12. What album or recording artist have you listened to the most, and why? There is no band I've listened to more in my life than The Clash. They captured the angst of being 12-13 in the early 80's and their messages stand true today. The anti-establishment movement that punk music was, was important to that era's kids. They might not have been the first, but they were without a doubt the most influential band for everything that came after. 

13. Is there a movie that you think is great, or powerful, or perfect, but that you never especially want to see again, and why? Boogie Nights. I know this will sound odd, but I thought this was one of the best movies I'd ever seen when it came out, but with each subsequent viewing, I like it less and less. my critical eye starts wandering and I find entire scenes that should have been cut or shortened, but then there is the flow, which I find odd, because when I originally saw it, it seemed so short, but the last viewing, I was praying for it to end. I think it is brilliant, but I doubt I'll go back ever again.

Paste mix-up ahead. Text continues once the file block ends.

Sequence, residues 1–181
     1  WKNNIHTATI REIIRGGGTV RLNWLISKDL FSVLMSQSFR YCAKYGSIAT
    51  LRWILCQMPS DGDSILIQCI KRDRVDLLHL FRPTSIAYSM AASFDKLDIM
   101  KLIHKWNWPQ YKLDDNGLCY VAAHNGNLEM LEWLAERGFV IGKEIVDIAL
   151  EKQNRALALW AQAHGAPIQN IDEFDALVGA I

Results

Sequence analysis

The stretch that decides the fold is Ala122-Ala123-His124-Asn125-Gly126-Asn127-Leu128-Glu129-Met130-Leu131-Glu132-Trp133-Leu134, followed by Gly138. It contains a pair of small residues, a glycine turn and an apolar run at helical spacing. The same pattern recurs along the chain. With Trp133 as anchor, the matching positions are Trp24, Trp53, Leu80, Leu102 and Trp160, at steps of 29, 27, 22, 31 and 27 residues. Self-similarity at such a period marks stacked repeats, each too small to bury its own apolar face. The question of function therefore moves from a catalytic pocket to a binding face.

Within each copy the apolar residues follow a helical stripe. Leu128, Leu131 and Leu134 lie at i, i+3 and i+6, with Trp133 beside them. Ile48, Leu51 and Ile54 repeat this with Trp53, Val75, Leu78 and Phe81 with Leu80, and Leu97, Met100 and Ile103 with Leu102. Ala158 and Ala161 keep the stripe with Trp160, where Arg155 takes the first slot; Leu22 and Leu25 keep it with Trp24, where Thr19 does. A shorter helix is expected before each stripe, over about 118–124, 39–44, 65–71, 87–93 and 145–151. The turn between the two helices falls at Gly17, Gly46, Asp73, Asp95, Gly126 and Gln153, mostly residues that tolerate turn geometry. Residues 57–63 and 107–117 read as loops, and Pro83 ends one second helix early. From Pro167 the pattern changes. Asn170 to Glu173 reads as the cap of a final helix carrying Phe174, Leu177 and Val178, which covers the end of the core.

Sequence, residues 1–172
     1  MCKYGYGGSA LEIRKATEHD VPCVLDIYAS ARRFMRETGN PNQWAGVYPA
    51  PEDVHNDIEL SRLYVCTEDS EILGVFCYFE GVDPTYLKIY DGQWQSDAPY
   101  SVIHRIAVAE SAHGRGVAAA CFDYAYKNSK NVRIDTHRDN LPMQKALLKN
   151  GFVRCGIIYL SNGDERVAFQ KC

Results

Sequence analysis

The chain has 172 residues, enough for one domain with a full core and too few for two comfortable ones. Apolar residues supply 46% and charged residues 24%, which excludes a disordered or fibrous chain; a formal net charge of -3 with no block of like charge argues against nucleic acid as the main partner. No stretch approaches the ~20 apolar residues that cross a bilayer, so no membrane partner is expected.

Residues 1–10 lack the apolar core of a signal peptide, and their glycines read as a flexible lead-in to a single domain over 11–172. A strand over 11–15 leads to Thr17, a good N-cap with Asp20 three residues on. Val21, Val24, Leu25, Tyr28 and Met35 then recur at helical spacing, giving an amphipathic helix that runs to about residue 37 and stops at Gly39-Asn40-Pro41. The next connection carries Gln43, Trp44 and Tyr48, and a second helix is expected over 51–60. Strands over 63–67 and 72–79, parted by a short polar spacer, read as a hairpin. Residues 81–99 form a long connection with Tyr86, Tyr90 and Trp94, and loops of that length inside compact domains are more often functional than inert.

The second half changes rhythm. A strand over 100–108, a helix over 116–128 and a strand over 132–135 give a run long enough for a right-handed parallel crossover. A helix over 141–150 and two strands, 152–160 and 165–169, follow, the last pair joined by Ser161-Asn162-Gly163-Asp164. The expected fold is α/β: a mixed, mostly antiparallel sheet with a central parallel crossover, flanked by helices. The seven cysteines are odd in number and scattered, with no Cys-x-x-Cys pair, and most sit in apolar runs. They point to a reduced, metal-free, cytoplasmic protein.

14. What movie have you seen more times than any other? Without a doubt Jaws, but that is simply because it is on television the most. The movie I have gone out of my way to rewatch the most, is Lethal Weapon. While I somewhat shy away from straight action, I adore this movie and have seen it, start to finish, at least 20 times.

15. What was your first R-rated movie, and did you like it? Somehow I got into S.O.B. and was the first time I'd seen nudity on film. I'd seen Playboys before, but I think this was the first experience in the theatre and seeing Julie Andrews, of my beloved The Sound of Music, in her naked glory, was quite a shock.

16. What's the most visually beautiful film you've ever seen? Aronofsky's The Fountain is the first film that comes to mind, the second being anything by Terrence Malick, but the film that blew me away aesthetically was Hero. The use of colors, put even the likes of Crouching Tiger, Hidden Dragon to shame.